Further examination of the splines and SS-ANOVAs provides a better understanding of the articulation of these consonants in the two languages. Reviewing these images shows that nearly all talkers (10 out of 11 Sasak, 8 out of 8 Javanese) articulated postalveolar sounds [ʨ] and [ɲ] as seen in Figure 6—with somewhat dissimilar articulatory positions: [ʨ] was articulated with a tongue-blade constriction posterior to dental/alveolar [t, s, n] but without full raising of the tongue body to the hard palate, whereas [ɲ], whether derived from [ʨ] or [s], was articulated similarly with the tongue blade but with a complete palatal occlusion between the tongue body and hard palate, at or slightly anterior to the constriction locations for palatal sounds [j] and [i] in the two languages. Thus, [ɲ] in Sasak and in Javanese is characterized as having a longer region of palatal constriction than [ʨ], and this articulation is consistent with that observed in electropalatalographic data for Peninsular Spanish alveolo-palatal ñ [ɲ] (Martínez Celdrán & Fernández Planas, 2007; Fernández Planas, 2009; Shosted et al., 2012).
These articulator relations align most closely with the first abstract, heterorganic hypothesis in Table 3a, and are summarized as in Table 16. Furthermore, we see that not only is the relation between [s] and ‘Ns’ abstract, so too is the relation between [ʨ] and [ɲ]: They are not entirely homorganic sounds.
That these articulatory patterns obtain in a pair of related languages suggests that the anomalous pairing of [s] and [ɲ] with respect to nasal substitution is stable, despite being an abstract linguistic relation. The pairing appears to have resisted pressure to move towards a concrete relation that would, over time, serve to regularize the pattern. Archangeli et al. (2012) find the same sort of stability in Bantu vowel harmony: Bantu height harmony occurs primarily in verbs, where sequences of mid vowels are preferred to mid-high sequences, with the exception of the permitted sequence [e…u]. The same pattern is found in nouns to a lesser degree—with the exception that even [e…u] occurs less often than expected. The difference is that in verbs, the [e…u] sequence arises across a morpheme boundary, and so any changes in this sequence disrupt an entire morphological paradigm while with the nouns, gradual item-by-item change is possible. To recast Archangeli et al. (2012) in terms of the current discussion, every nasal substitution form relating [s] and [ɲ] constitutes pressure against reanalyzing any single instance relating [s] and [ɲ]. Such pressure predicts that anomalous patterns that enter a morphophonological relation (through whatever means) are likely to remain in a language.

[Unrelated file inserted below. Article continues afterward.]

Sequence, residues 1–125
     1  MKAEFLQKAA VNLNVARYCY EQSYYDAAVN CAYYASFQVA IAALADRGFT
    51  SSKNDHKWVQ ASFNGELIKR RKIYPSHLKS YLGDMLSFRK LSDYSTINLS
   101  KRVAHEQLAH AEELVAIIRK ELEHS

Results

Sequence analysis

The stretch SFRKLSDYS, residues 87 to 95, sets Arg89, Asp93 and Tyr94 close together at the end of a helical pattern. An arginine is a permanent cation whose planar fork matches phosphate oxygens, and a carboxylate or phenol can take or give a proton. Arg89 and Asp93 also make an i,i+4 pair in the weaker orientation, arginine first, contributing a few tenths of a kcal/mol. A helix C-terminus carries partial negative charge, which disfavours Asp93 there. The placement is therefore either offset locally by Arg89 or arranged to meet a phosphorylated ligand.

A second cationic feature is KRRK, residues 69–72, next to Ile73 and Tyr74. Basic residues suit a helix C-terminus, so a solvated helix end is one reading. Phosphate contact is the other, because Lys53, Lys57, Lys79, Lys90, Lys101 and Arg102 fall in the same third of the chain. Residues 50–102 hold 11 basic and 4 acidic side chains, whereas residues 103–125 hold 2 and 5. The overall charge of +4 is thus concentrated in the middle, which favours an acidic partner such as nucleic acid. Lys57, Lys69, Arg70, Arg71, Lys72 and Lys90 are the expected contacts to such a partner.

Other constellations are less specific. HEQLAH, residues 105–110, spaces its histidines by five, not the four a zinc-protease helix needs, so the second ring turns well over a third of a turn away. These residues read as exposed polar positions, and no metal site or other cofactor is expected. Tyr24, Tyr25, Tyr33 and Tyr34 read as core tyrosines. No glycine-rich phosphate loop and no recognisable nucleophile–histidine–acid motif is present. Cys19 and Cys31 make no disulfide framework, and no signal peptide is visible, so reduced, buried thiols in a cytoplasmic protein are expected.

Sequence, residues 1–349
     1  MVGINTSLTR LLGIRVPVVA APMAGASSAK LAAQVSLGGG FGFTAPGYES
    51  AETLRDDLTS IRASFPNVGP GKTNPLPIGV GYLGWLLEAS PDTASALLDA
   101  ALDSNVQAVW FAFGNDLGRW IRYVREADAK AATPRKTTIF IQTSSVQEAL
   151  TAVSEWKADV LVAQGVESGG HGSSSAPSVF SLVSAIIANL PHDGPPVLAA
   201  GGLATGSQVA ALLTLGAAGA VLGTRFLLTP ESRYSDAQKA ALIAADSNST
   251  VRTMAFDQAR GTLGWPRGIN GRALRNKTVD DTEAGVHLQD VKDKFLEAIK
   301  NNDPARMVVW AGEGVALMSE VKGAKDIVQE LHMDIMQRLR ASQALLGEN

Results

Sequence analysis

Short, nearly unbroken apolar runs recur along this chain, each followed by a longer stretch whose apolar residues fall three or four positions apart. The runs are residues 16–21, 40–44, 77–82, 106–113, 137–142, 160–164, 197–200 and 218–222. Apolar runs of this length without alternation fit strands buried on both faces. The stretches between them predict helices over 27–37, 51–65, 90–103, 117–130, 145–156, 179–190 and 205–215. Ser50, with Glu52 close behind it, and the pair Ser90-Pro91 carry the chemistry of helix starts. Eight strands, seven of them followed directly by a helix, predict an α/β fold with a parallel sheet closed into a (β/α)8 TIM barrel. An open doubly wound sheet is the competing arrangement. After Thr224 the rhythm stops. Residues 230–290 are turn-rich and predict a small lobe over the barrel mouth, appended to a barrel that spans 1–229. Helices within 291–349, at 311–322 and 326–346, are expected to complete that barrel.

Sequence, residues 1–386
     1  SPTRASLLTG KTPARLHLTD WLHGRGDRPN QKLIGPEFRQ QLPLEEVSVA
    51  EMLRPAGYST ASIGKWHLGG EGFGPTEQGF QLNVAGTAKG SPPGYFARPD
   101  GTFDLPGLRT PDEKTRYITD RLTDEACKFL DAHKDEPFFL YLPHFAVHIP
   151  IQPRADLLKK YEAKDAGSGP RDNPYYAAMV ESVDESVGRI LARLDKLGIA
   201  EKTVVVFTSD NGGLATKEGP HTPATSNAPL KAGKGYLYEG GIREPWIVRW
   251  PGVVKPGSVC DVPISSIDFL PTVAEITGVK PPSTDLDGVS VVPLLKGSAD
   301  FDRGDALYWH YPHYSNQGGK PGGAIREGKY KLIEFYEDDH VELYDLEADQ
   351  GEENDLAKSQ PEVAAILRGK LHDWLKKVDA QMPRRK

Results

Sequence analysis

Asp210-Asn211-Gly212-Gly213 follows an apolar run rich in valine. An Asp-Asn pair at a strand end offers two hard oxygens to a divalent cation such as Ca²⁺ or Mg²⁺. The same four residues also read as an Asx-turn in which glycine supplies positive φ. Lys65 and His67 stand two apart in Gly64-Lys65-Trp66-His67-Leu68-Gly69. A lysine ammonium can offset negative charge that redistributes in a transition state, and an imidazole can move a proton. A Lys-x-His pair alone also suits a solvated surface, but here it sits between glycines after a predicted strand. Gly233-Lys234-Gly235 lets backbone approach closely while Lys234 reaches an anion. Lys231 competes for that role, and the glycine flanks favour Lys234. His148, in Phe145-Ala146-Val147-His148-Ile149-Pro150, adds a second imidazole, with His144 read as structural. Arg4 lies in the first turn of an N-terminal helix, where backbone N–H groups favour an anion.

In addition to finding a lack of within-paradigm regularity in our study (the concrete-homorganic hypothesis in Table 3d–f), we also find little evidence of even partial assimilation. Although [s] is clearly articulated in the dental/alveolar region with the tongue tip/blade, we do not observe articulations of its nasal counterpart ([Ns]) that are more similar to that of [s] than would be expected from a palatal nasal sound. Comparisons between [Ns] and [ɲ] result in similar RMSD values (or smaller, in the case of Javanese) than comparisons within [ɲ] contours alone, indicating that [Ns] is no different from [ɲ] than other productions of [ɲ]. Thus, it is not the case that [s] as a derivational source of [Ns] influences that articulation of its nasal substitution counterpart with its anterior, apical/laminal articulation, and in fact the RMSD values between [s] and its nasal counterpart [Ns] are among the largest values observed in the entire data set for each language.
This work uses RMSD calculations to determine whether two sounds are homorganic or heterorganic in articulatory place, giving a quantified comparison of tongue-contour data from ultrasound images. RMSDs provide individual numerical values to represent the magnitudes of spatial difference within each contour comparison, and these values can be used for further comparison. Moreover, when coupled with a mixed-effects linear regression model, RSMD values from multiple talkers can be compared within a single analysis by treating Speaker as a random effect. This kind of comparison enables us to identify patterns that hold generally across speakers of a given language. Statistical comparisons of RMSD values across test conditions of interest allow for an evaluation of similarity or difference between those conditions, adding to the similarity tools proposed in Mielke (2012).
To conclude, this study has shown that there is an abstract morphophonological relation in the nasal substitution paradigm in both Sasak and Javanese. Our analysis of ultrasound images supports [s/ɲ] nasal substitution as an abstract relation within what appeared to be an otherwise general and concrete homorganic pattern: We show that in both languages, [s] is articulated quite similarly to the dental/alveolar sounds and that the morphologically-related [Ns] is indistinguishable from [ɲ]. Further examination of the data shows that the voiceless affricate is alveolo-palatal [ʨ], which corresponds to palatal [ɲ] in the same paradigm, again an abstract relation. Thus, the pattern is not as homorganic as impressionistic analysis suggests. We suggest that the pattern has resisted regularization because it is a robust morphophonological relation, held in place by morphological paradigm pressure.